o ignee spiritus laus tibi sit
qui in timpanis et citharis operaris
This is plainly translated who is working in (the instruments of / in the sound of) timpanies and citharas,
but I thought this in timpanis et citharis may be instrumental.
So I checked L&S and Gildersleeve.
in L&S for in + abl. there was no definition of by means of,
in Gildersleeve for the preposition in, too, there was no such definition, and the section for ablative of means (401) had no example of the use with in (only, in Note 1., erudire in + abl. was mentioned).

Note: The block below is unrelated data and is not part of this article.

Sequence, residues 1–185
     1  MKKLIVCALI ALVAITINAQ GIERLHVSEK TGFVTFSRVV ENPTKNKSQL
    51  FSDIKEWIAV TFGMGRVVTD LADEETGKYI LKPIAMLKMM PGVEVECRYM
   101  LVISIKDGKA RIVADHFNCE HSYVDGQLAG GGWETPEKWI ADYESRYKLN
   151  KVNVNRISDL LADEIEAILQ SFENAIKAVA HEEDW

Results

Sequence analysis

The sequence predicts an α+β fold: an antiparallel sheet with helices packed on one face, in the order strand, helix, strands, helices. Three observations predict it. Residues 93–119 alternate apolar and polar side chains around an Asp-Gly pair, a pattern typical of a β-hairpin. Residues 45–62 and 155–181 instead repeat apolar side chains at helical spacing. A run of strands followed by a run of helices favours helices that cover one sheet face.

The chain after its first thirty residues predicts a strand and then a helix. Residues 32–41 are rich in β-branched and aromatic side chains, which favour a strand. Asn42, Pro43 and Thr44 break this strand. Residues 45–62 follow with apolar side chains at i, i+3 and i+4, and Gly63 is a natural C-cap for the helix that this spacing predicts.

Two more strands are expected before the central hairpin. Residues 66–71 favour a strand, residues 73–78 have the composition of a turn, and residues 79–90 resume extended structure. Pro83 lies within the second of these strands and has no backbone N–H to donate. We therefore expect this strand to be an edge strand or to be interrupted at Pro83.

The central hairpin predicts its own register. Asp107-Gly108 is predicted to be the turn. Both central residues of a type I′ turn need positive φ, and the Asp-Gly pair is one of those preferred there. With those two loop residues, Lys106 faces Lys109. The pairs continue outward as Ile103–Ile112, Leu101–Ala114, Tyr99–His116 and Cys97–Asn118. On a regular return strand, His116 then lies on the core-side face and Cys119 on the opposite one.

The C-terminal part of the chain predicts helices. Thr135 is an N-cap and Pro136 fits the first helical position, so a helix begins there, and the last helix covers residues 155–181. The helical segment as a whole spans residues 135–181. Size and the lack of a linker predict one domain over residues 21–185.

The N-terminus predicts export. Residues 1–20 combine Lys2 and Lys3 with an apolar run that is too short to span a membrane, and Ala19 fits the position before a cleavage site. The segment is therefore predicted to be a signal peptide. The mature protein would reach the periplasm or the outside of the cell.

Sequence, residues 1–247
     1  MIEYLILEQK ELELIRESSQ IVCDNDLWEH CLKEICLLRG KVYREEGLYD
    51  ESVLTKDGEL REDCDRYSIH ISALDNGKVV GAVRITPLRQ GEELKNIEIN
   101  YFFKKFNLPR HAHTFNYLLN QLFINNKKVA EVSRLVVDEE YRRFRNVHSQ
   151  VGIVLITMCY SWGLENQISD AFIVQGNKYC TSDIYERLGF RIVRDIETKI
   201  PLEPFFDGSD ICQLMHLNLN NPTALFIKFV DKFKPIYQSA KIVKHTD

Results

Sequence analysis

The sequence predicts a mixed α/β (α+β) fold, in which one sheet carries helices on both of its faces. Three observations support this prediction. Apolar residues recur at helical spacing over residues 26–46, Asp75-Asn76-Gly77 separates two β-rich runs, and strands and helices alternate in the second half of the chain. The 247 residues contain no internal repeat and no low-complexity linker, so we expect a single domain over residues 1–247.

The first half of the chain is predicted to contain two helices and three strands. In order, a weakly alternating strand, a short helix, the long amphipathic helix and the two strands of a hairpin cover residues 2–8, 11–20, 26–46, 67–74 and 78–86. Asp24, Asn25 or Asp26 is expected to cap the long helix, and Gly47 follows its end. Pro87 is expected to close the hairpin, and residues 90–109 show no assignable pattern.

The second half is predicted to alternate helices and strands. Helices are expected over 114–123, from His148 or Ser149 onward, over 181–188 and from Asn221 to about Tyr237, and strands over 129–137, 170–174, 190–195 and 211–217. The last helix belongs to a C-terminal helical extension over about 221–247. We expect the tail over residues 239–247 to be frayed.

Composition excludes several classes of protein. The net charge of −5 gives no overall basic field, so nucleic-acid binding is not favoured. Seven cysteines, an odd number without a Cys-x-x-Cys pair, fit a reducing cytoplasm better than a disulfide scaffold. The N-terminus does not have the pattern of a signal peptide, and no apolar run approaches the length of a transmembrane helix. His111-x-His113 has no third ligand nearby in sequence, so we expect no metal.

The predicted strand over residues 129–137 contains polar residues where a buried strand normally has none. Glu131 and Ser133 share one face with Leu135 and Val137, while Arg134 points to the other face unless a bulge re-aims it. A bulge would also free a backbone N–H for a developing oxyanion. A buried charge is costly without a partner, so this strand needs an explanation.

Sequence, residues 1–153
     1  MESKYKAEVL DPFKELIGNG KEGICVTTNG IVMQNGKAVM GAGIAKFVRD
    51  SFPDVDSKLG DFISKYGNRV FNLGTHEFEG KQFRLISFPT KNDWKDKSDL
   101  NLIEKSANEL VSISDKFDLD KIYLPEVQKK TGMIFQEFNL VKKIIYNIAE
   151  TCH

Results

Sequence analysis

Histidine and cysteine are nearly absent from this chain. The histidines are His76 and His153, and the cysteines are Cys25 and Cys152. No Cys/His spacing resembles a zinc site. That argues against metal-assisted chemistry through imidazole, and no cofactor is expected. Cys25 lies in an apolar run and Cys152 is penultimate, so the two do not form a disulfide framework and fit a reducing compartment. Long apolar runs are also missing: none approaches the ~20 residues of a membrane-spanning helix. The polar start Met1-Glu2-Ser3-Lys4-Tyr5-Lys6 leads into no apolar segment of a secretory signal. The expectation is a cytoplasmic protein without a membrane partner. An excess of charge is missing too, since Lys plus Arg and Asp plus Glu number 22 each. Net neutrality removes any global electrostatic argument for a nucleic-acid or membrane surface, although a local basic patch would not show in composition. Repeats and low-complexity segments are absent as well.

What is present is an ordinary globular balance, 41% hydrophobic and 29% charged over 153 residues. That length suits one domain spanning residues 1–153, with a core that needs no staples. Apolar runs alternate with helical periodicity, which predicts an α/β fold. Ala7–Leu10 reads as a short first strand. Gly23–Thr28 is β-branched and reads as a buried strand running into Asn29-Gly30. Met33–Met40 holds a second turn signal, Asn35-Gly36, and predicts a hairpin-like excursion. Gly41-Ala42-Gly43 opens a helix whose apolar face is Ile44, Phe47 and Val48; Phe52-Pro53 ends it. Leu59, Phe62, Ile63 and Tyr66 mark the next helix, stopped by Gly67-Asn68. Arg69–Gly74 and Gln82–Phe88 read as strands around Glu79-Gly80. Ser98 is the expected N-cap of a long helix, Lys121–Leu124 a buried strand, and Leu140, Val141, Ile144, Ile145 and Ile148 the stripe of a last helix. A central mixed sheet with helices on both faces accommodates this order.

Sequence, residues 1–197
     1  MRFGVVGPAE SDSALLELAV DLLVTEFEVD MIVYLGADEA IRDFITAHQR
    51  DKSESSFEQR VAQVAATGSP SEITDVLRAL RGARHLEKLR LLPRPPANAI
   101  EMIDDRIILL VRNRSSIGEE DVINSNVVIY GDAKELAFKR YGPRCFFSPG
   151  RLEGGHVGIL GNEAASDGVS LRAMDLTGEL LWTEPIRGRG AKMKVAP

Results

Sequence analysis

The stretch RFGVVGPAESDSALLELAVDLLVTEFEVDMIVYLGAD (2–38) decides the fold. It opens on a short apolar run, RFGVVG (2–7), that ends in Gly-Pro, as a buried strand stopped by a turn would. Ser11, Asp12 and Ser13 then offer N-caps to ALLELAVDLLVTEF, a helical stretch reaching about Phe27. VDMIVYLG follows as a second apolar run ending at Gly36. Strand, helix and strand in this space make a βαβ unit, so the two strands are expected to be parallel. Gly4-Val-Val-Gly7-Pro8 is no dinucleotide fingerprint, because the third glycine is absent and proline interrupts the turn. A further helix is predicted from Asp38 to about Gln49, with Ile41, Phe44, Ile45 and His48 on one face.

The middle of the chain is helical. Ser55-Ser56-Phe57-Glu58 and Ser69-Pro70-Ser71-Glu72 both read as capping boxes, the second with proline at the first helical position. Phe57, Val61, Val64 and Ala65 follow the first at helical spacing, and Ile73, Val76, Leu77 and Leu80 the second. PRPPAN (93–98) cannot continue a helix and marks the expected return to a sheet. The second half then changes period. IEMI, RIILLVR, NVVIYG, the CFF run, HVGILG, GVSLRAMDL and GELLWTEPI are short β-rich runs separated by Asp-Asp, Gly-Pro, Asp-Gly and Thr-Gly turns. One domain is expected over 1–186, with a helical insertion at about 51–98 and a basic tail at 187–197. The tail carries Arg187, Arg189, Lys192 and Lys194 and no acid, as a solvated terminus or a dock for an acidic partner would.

But in L&S for operor there was a sample sentence with in + abl. which obviously means instrumentally.
http://www.perseus.tufts.edu/hopper/tex ... y%3Doperor
B. In partic., in relig. lang., to serve the gods, perform sacred rites, to honor or celebrate by sacrifices
“sacra refer Cereri laetis operatus (= sacrificans) in herbis,” Verg. G. 1, 339;
What do you think ?
Though this is a different additional question,
in L&S operor under the article (b). With dat., to bestow pains upon a thing; to devote one's self to, be engaged in or occupied with a thing (mostly poet. and in post-Aug. prose):
there is a sample with in + abl..
“in cute curandā,” Hor. Ep. 1, 2, 29:
I wonder if this is the meaning used in in timpanis et citharis.